Association for Behavior Analysis International

The Association for Behavior Analysis International® (ABAI) is a nonprofit membership organization with the mission to contribute to the well-being of society by developing, enhancing, and supporting the growth and vitality of the science of behavior analysis through research, education, and practice.


35th Annual Convention; Phoenix, AZ; 2009

Event Details

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Symposium #169
Evidence-based, Empirically Supported, Best Practice: What Does it All Mean?
Sunday, May 24, 2009
9:00 AM–10:20 AM
North 122 BC
Area: EDC/VRB; Domain: Service Delivery
Chair: Ronnie Detrich (Wing Institute)
Discussant: Janet S. Twyman (Headsprout)
Abstract: The evidence-based practice movement has resulted in a proliferation of terms, which are often used interchangeably. This has resulted in confusion for both the consumer of services and for researchers trying to identify and validate effective practices. The fundamental assumption informing all of these terms is that effective practices are best identified through scientific research. The challenge is to validly identify practices that are most likely to be effective based on the research evidence. Three general approaches have emerged: a consensus expert panel, identification and validation of principles and broad strategies, and identification and validation of specific procedures. Different terms have been used by different professional organizations to describe these approaches. The lack of specificity can create the impression that the evidence-based practice movement is another fad without substance and result in consumers and decision makers ignoring attempts to base interventions on scientific evidence. The purpose of this symposium is to describe the range of approaches to the challenge of identifying effective practices, to discuss the strengths and limitations of each approach, and to review various terms that are commonly used.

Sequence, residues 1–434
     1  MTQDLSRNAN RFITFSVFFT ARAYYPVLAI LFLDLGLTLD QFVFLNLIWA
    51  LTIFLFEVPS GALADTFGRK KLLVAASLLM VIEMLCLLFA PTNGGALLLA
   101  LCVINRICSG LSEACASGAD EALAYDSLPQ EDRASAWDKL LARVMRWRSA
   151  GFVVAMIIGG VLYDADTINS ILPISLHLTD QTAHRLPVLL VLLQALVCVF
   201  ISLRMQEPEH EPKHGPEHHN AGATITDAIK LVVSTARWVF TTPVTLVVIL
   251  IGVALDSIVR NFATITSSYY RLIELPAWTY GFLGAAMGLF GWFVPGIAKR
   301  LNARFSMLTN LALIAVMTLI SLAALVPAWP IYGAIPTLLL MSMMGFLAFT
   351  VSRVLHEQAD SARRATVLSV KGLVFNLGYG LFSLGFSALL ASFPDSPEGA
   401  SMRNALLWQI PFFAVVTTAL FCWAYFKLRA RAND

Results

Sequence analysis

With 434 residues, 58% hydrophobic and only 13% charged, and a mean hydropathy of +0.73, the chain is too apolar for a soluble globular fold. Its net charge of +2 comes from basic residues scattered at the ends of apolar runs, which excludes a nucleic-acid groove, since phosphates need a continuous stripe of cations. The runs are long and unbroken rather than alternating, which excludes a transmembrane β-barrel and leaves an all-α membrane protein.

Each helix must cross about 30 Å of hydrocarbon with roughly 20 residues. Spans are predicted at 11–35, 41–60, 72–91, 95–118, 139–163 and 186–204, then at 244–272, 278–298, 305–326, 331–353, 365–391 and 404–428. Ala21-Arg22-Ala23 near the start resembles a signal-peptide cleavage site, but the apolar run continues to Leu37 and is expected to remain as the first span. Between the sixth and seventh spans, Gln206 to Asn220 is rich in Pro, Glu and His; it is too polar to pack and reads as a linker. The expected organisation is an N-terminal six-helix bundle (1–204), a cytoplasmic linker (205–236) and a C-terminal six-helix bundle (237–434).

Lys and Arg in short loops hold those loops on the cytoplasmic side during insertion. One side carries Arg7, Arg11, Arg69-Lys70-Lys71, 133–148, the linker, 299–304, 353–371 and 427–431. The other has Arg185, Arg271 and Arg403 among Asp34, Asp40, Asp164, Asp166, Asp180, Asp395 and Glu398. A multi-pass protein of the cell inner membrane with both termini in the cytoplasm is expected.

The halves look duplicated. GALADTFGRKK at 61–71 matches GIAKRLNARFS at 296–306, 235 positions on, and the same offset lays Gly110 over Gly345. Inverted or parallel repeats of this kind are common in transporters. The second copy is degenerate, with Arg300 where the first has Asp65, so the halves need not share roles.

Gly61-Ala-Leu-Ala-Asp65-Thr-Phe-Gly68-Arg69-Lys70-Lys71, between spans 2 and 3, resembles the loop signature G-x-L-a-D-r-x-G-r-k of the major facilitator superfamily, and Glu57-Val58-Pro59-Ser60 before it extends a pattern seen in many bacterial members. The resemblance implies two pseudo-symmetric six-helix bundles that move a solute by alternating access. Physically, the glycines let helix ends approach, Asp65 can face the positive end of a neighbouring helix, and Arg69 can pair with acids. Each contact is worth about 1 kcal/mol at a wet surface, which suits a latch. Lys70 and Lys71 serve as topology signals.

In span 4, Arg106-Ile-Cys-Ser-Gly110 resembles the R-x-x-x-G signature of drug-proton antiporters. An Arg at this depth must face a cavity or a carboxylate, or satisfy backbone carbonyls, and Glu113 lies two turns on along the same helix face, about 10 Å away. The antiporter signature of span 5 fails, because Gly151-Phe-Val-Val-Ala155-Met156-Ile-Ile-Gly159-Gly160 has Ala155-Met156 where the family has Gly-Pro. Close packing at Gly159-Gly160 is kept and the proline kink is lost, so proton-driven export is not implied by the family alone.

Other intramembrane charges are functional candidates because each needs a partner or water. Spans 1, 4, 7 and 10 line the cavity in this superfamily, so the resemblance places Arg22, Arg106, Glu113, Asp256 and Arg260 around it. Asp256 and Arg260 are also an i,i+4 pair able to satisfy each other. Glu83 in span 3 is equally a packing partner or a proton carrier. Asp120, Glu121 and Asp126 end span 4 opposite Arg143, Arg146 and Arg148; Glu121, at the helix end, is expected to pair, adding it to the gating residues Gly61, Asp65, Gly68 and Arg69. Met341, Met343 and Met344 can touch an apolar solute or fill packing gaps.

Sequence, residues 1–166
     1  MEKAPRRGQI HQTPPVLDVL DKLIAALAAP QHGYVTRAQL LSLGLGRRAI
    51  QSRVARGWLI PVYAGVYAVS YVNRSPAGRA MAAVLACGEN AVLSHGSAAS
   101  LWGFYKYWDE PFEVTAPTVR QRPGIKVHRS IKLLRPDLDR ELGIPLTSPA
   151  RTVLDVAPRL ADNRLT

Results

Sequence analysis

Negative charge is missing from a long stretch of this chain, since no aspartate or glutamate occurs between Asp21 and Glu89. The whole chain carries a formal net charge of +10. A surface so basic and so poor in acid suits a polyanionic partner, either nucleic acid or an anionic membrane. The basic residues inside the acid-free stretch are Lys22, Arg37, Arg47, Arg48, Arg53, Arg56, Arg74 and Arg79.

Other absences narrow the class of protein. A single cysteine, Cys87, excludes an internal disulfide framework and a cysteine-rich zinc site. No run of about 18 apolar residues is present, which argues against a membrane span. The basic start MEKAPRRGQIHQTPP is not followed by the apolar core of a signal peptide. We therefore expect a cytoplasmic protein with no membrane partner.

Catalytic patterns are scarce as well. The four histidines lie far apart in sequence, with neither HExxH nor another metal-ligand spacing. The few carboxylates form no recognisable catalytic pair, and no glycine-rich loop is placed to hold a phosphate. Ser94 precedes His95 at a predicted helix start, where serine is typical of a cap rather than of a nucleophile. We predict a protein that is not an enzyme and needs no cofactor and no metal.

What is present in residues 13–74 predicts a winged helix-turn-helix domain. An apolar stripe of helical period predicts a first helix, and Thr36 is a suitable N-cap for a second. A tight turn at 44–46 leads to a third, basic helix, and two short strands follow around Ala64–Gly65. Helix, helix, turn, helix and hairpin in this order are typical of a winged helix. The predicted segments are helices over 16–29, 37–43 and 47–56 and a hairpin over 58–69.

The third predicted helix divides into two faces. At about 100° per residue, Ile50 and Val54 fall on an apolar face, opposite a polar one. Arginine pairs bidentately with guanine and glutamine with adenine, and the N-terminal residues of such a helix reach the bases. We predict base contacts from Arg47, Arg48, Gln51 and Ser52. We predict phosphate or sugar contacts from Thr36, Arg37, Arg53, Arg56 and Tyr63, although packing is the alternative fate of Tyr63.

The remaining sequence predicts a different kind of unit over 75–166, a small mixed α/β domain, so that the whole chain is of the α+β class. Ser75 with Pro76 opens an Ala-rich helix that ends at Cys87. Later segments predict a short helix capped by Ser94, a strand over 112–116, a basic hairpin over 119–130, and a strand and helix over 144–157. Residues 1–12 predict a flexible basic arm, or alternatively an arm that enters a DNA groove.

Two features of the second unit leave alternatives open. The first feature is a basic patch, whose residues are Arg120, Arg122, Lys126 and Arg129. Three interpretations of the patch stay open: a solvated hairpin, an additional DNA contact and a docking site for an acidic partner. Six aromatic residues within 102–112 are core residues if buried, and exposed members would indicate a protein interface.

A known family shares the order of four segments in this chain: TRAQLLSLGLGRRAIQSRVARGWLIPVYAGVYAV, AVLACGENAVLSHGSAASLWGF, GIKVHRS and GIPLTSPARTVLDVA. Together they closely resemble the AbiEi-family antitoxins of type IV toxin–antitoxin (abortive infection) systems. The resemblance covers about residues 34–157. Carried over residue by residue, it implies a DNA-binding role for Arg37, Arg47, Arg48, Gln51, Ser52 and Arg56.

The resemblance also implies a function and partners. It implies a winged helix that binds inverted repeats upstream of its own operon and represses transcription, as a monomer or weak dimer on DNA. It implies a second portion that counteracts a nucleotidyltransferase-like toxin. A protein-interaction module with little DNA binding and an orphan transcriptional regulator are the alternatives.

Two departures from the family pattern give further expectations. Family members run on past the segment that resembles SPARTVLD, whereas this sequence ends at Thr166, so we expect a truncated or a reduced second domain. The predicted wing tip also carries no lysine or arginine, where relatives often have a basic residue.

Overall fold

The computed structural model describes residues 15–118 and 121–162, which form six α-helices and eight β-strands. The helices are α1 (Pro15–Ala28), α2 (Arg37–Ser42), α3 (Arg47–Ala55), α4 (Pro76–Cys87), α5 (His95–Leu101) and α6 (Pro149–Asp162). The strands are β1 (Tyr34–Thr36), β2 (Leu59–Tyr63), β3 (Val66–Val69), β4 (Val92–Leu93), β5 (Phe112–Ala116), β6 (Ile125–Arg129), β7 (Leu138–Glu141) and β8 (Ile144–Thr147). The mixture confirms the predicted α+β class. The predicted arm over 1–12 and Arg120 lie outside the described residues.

Best Practice Guidelines: Standing on the Shoulders of Giants?
RONNIE DETRICH (Wing Institute)
Abstract: In the evidence-based practice movement one of the primary goals is to provide guidance to practitioners and clients about how to best proceed with a specific problem. Among the approaches for guiding practitioners and clients are best practice guidelines, which are formulated by experts in a particular area who make recommendations regarding assessment and intervention practices with respect to a particular problem or population. The assumption is that these experts have a broad knowledge of the research literature and can make informed, coherent statements about best practices. The success of a best practice workgroup depends on how the panel of experts is constructed. If the panel is drawn too narrowly then the resulting guidelines may not reflect knowledge of all of the relevant research and approaches to a population or problem. If the panel is drawn too broadly then the widely variant perspectives make it difficult for the panel to reach consensus on what constitutes best practices. One of the benefits of best practice guidelines is that they serve a social validity function for various interventions. This is important when the evidence-based approach validates an intervention that is more intrusive than other evidence-based interventions for a particular problem or population.